My grandmother was a Christian lady. When I was a little boy (pre-teens) I used to visit with her, along with my mum and her son (my dad).
Her husband, my grandfather, died before I was born, so I never knew him.
How easy it is, when we start to write about relatives, to lose ourselves and those listening, with the necessary jargon needed, when explaining.
[e.g. My uncle’s grandmother’s son, and my cousin’s grandchild on their daughter’s side, or my mum’s mum’s brother – crazy!
Not amazing – just a maze].
So – my grandmother was my father’s mum. That’s simple enough. If you still don’t follow please ask a practicing historian.
She was probably in her eighties at the time of my visits, and was cared for by her daughter, who later became a missionary in Japan, and remained a spinster, until she went to be with Jesus in 2008.
My paternal grandmother would sit very still in her chair. And would ask: ‘if we were never going to make a cup of tea’? She asked this every ten minutes or so.
She would sit with me by her side, looking straight ahead. She couldn’t see very well.
As though unbeknown to everyone else, she would move her arm slowly across to me, and slip a sum of money into my little hand.
The large sum of one penny.
I would sense by the way she did so, that it was top secret, and I fought the smile that would try to break forth on my face, afraid of betraying her act of kindness, and exposing this great secret.
She would sing a song from her younger days and I always remember the chorus: I did a painting based on the song, it is long gone. I forget who has it.
(As with many paintings a great curiosity comes to me at times regarding where a painting is. Lost in the world somewhere, like a long lost child.)
Here is the chorus, I searched it of course, and found it on the internet. ‘Riding on a load of hay’ (author unknown).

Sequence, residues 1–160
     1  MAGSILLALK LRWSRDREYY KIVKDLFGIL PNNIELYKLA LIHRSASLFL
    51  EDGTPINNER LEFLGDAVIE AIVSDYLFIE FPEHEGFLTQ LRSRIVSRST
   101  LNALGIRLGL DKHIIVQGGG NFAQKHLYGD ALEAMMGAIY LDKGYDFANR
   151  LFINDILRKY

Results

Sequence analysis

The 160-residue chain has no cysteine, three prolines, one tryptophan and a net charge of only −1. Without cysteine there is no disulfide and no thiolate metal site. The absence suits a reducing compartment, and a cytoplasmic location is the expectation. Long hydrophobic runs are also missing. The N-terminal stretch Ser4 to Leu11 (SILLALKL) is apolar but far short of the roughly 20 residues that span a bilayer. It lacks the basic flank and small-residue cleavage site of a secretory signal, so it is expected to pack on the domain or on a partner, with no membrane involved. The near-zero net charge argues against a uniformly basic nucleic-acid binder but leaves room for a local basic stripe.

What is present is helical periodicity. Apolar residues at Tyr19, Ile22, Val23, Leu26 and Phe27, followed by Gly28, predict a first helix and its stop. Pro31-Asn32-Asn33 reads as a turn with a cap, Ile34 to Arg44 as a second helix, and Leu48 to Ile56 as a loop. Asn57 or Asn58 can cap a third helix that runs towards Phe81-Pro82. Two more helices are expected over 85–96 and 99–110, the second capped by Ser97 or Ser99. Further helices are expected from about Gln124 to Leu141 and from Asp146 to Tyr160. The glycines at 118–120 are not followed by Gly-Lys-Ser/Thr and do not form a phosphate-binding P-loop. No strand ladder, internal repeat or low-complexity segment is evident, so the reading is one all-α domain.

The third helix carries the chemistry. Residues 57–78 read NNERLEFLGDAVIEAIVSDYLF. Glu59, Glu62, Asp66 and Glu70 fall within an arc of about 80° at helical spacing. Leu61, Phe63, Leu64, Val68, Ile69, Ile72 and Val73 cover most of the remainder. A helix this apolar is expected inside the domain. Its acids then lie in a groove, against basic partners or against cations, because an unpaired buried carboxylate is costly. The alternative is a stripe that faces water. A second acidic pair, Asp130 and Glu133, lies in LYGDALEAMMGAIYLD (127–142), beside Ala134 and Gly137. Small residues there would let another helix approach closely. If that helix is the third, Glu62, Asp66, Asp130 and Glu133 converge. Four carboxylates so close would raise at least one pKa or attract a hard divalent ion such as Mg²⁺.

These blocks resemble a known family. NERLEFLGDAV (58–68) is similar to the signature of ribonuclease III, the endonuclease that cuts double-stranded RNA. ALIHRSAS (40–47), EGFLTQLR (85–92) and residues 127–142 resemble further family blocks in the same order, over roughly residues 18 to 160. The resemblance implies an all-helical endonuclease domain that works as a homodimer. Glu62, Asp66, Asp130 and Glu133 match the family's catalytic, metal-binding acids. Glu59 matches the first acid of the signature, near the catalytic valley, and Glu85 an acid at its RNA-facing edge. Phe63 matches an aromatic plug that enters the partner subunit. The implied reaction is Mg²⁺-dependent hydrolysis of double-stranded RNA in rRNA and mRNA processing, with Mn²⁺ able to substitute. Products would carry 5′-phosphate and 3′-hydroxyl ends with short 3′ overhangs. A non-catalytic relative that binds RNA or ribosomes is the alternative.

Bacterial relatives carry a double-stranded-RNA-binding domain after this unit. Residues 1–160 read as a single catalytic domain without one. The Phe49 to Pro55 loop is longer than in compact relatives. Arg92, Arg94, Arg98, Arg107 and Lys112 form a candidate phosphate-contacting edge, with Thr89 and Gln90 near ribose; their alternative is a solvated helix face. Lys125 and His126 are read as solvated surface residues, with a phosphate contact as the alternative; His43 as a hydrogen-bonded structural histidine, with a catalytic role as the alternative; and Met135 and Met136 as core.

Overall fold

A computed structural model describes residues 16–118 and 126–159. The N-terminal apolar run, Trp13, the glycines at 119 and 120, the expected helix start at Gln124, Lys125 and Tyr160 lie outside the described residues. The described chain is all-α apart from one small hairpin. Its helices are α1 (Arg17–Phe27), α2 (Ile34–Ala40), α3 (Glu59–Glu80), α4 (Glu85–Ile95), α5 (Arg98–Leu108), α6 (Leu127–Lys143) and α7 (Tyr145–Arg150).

Oh someone stole my heart away
Riding on a load of hay
I looked up and he looked down
Handsome sunburnt Johnny Brown
She told me of her extremely naughty youthful antics. Extreme things like banging on people’s front doors and running away.
Hiding, while she and her co-conspirators, observed the reaction of the house owner, as he or she looked up and down the street, baffled as to the invisible visitor.
And that was about the sum total of her reported naughtiness. (Naughtiness? – My! – how times have changed).
I remember nothing of her passing. I was twelve years old at the time.
As she sang the song, her voice was still as sweet, as when she graced the platforms of Christian Meetings, being the invited soloist.
In Northern Ireland we designate some church buildings as Gospel Halls. And they still exist.
Her daughter went to be a missionary in Japan, as previously stated, and I often reflect on my aunt’s faithfulness in prayer for me.
Indeed I often query with The Lord, just how much a part my grandmother’s prayers, played in my mighty encounter with The Living God, seven years after her passing!
When my dad, was nearing his journey into eternity, though that is for another blog post, I remember him telling me, that his mother taught him how to pray.
How important that young lives are taught the Word of God, at an early age. It will impact them fully or partially – it all depends on how they respond to it as they journey through life.
The bible describes it this way:
Cast your bread upon the waters,
For you will find it after many days.
I’m sure everyone has the experience of failing to ask enough questions regarding their family history, and suddenly it is too late. Those able to furnish us with details are gone, we didn’t ask them.
Nevertheless we can cherish what we do know. And I can still see plainly my grandmother’s facial expression as she sat – ever so still – in her armchair.
I think I must have spent the pennies.